A mudslide that killed hundreds of people in Colombia this weekend may portend more destruction to come if the El Niño conditions impacting the coastal regions nearby get worse.
Mudslide Sweeps Town
Many in the small town of Mocoa were sleeping and did not have time to evacuate to higher ground, and were swept away by an enormous mudslide after heavy rains caused a nearby river to overflow. The surge of mud killed and injured hundreds and destroyed many homes.
At least 234 died, and 220 were missing in the city of about 350,000. Hospitals struggled to cope with the burden of so many injuries, and some with more serious wounds had to be airlifted to other towns.
Houses in 17 different areas were buried or taken away by the landslide, according to Mocoa’s mayor, José Antonio Castro.
In early March, unprecedented rainfall brought extreme flooding to Peru, leaving 94 dead and almost a quarter of a million without homes so far. Evacuations are still underway, with heavy rainfall expected to continue. (Watch a woman emerge from floodwater in Peru after being swept away.)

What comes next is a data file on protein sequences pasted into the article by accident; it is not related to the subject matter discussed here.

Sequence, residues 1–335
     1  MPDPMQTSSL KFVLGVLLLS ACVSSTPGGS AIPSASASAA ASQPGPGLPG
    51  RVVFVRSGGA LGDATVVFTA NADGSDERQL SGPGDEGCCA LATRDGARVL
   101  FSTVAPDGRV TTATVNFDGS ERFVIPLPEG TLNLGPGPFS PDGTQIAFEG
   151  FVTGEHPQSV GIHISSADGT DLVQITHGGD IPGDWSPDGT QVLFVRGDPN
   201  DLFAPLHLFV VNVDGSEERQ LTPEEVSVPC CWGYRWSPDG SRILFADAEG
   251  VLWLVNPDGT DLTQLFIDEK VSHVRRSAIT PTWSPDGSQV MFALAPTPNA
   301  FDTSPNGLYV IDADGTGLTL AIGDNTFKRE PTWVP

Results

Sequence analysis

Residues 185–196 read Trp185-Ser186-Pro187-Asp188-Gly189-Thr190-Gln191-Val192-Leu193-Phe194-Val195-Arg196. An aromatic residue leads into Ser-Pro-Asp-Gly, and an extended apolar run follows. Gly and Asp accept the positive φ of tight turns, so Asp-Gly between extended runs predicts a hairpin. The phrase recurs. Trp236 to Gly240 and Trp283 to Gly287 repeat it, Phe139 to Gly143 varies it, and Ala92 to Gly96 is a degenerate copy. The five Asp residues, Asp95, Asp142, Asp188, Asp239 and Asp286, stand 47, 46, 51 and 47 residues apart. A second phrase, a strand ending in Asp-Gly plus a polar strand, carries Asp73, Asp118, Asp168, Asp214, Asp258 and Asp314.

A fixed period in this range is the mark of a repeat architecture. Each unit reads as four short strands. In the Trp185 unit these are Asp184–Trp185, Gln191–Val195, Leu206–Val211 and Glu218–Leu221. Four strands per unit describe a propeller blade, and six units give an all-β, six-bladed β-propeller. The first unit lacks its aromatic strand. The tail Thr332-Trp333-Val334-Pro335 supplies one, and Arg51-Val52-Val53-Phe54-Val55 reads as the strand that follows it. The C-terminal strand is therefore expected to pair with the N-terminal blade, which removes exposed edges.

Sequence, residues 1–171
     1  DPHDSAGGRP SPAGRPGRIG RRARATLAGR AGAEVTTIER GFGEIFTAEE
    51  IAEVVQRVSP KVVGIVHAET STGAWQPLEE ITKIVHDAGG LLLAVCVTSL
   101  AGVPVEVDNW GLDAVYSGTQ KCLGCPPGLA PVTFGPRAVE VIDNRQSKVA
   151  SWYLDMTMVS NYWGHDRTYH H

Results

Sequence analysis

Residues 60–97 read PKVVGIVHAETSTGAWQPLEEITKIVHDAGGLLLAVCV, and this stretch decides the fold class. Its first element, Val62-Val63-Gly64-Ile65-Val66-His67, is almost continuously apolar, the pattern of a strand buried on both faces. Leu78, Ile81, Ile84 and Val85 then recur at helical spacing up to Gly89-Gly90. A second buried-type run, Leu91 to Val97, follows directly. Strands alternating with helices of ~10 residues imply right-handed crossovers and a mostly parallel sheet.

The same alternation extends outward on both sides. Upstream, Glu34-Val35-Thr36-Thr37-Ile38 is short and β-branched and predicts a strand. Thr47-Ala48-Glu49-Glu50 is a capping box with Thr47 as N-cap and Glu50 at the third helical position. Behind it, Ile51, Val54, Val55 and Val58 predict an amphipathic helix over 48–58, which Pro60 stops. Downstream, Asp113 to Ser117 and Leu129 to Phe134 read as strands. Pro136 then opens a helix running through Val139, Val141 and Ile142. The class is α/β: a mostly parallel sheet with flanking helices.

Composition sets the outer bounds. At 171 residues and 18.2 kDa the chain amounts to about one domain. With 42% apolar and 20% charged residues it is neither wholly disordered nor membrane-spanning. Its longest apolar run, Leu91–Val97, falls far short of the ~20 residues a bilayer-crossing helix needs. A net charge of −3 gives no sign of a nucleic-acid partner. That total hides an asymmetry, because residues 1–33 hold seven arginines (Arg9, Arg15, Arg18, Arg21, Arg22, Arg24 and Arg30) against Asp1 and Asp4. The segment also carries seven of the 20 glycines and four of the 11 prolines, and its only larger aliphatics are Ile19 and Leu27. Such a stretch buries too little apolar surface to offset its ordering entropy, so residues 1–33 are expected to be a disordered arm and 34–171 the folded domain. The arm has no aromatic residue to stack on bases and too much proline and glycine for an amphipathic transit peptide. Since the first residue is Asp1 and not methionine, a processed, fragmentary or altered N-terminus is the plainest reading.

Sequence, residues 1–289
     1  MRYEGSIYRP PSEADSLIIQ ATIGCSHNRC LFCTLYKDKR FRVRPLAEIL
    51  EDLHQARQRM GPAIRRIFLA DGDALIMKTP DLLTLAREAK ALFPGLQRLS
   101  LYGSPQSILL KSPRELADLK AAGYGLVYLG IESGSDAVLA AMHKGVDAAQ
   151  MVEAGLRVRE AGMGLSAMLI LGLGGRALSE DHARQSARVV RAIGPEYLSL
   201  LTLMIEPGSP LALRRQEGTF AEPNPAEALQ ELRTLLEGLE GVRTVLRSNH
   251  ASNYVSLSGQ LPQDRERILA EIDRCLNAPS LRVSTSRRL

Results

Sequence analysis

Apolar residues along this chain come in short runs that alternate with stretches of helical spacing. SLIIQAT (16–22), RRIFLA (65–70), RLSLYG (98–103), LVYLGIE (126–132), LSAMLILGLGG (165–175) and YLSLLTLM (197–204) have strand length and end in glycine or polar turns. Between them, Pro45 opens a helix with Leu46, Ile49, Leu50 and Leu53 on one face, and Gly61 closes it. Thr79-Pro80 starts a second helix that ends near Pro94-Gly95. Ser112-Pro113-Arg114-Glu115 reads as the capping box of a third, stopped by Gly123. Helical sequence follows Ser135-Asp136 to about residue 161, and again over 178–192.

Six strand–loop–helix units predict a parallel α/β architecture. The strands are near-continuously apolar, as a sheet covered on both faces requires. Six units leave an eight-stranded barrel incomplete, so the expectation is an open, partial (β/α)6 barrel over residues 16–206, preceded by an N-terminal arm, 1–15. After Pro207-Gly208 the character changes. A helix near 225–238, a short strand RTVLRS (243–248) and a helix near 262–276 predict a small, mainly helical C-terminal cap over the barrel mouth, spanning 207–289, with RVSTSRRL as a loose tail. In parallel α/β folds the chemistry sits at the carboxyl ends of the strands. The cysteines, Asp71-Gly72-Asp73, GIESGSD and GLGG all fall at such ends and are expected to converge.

The southwestern Colombian town of Mocoa is close to the border of Ecuador and is considered part of the equatorial region most affected by changing weather, along with Peru.
La Niña, El Niño, or Neither
La Niña conditions, which typically are dry and bring cooler than average sea surface temperatures to equatorial regions, were expected to persist through February, with conditions returning to normal for the spring.
As of March 9, NOAA determined that conditions would reflect neither El Niño nor La Niña temperatures, calling the current weather patterns “El Niño Southern Oscillation (ENSO) neutral.”
Yet Peruvian authorities have blamed the flooding on El Niño, calling the events the worst El Niño-related flooding in recent history. So how can normal sea surface temperatures—and what should be relatively mild conditions—affect the equatorial region of South America so dramatically?
The answer is somewhat complex.
Ocean waters are currently warmer than usual off the coast of Peru. Warmer equatorial waters mean El Niño conditions, but because these warmer temperatures are so localized, officials have not yet declared an official El Niño event.
To explain the flooding, Peruvian climate scientists are calling this particular occurrence a coastal El Niño, a mini version of the larger phenomenon that affects the entire Pacific.
The region of Colombia impacted by flooding is in a similar coastal region just north of the Peruvian Coastal El Niño–one that is also experiencing warmer-than-usual temperatures.
The coastal El Niño could portend a more severe El Niño weather pattern later in the year, or it could potentially be the result of broader changes in a changing climate. (Infographic: Seven Things to Know About Climate Change)
Changing Weather Patterns
The increase in temperature may have brought on heavy rains and flooding in the region, which, many say, indicates a stronger El Niño later in the year.